- Northwest to Frankfurt - Though there isn't much to see in Frankfurt, it's a popular transport hub so you might need to go. The Romantic Road is a great way to get there.
- South to Venice - Cross Austria into Italy and head down to Venice, or further to Rome.
Nuremberg is the second largest city in Bavaria, located 105 miles northwest of Munich—and should not be confused with the Nurbürgring, the world's most notorious race track. Two hours from Munich by car, but just one hour by high-speed train, Nuremberg sits somewhere between a "day trip from Munich" and a destination in its own right. There is a very attractive medieval walled old city and a very famous Christmas market (Christkindlesmarkt). It is a fine, compact city for walking and a good place to stay a few days.
Things to Do in Nuremberg
- Nazi Party Rally Grounds: You can visit the grounds, and then go to the museum. The Documentation Centre Nazi Party Rally Grounds is located in the north wing of the Congress Hall, a building planned by the National Socialists to hold 50,000 people but never completed.
- Albrecht Dürer House: Exhibits devoted to Dürer's life and works. You'll see original etchings and woodcuts and copies of Dürer's paintings inside.
- Kaiserburg (The Nuremberg Castle): - Looming over the Dürer House, from 1050 to 1571 it was the official residence of the German kings and emperors, including Frederick Barbarossa, King of Germany in 1152, crowned emperor in 1154.
- Historic Art Shelter (Kunstbunker): - At the start of the second world war, prudent officials transformed some former beer cellars in the flanks of the castle hill into a secure and quite technological art shelter. German tours are at 3 pm and other languages are by appointment.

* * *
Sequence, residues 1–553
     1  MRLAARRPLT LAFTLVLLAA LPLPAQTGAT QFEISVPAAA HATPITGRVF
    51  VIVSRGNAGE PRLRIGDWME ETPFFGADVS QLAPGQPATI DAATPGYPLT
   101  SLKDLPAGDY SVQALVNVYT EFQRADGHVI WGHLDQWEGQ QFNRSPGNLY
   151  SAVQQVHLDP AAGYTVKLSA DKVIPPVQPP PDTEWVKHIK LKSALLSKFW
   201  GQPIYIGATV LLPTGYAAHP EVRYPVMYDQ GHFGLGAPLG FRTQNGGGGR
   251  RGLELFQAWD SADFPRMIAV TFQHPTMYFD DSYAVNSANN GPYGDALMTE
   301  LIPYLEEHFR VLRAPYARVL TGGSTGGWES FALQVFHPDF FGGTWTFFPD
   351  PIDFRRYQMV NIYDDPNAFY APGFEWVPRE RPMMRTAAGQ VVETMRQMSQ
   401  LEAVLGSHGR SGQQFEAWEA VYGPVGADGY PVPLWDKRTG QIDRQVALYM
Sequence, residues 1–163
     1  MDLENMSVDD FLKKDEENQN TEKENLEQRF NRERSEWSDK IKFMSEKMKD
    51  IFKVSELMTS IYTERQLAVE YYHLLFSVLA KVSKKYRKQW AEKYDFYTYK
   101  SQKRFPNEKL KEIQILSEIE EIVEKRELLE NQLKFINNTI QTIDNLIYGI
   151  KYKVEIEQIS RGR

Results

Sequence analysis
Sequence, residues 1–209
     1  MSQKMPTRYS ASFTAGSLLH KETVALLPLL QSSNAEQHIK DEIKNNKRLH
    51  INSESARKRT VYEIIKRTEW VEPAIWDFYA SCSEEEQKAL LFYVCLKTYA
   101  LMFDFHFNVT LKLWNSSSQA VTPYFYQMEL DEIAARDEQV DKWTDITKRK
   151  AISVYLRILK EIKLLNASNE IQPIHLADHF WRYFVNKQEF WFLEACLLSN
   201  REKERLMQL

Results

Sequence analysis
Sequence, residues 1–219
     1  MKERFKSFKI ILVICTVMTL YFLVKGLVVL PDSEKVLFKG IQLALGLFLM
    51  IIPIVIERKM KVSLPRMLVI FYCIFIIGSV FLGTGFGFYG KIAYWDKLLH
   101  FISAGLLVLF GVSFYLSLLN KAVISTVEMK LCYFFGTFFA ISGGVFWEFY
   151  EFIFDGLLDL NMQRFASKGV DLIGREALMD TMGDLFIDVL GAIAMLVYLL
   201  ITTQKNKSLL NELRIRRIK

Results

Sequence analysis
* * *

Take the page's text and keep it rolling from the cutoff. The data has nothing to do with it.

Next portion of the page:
Day Trips From Nuremberg
Bayreuth is the capital of Upper Franconia. A typical Bavarian market town with the town hall smack in the middle, Bayreuth is perhaps best known as the residence of Richard Wagner, who moved to the city in 1872 and stayed until his death in 1883. Margrave's Opera house is considered to be one of the finest Baroque halls of Europe. The Bayreuth Festival is a yearly celebration of Wagner's works that take place in the Bayreuth Festspielhaus. Tickets are difficult to procure. A tour may be your best way to see the festival.
Smaller Cities in Bavaria
- Wurzburg is a vibrant university town surrounded by vineyards with many architectural splendors.
- Rothenburg ob der Tauber is everyone's favorite Romantic Road destination, and Germany's best-preserved walled town, according to Rick Steves. Medieval torture aficionados will enjoy the Medieval Crime and Punishment Museum.
- Dinkelsbuhl is smack in the center of the Romantic Road. It's a good shopping town with lots of artists' studios, half-timbered houses, all wrapped in a medieval wall. In fact, you can patrol that wall, er, defensive perimeter, with the night watchman.
- Augsburg has a rich history dating back to the Roman empire. Dubbed both "The Renaissance City" and "Mozart City", it has been an important center of trade down through the ages. During the Renaissance, Augsburg was a main cultural center which is reflected in the fine Rococo architecture in the city.
- Regensburg is a UNESCO World Heritage Site. The Bavarian Jazz Festival takes place here in summer, usually in July.
- Passau is a university town in a beautiful setting at the junction of the Danube, Inn, and Ilz Rivers. In antiquity, Passau was an ancient Roman colony and became the largest diocese of the Holy Roman Empire. Later, it became known for its sword manufacturing. The organ in St. Stephens Cathedral has 17,774 pipes.
- Altotting is famous for the Gnadenkapelle (Chapel of the Miraculous Image), of one of the most visited shrines in Germany. The heart of King Ludwig II of Neuschwanstein fame is here in an urn. You don't want to miss that.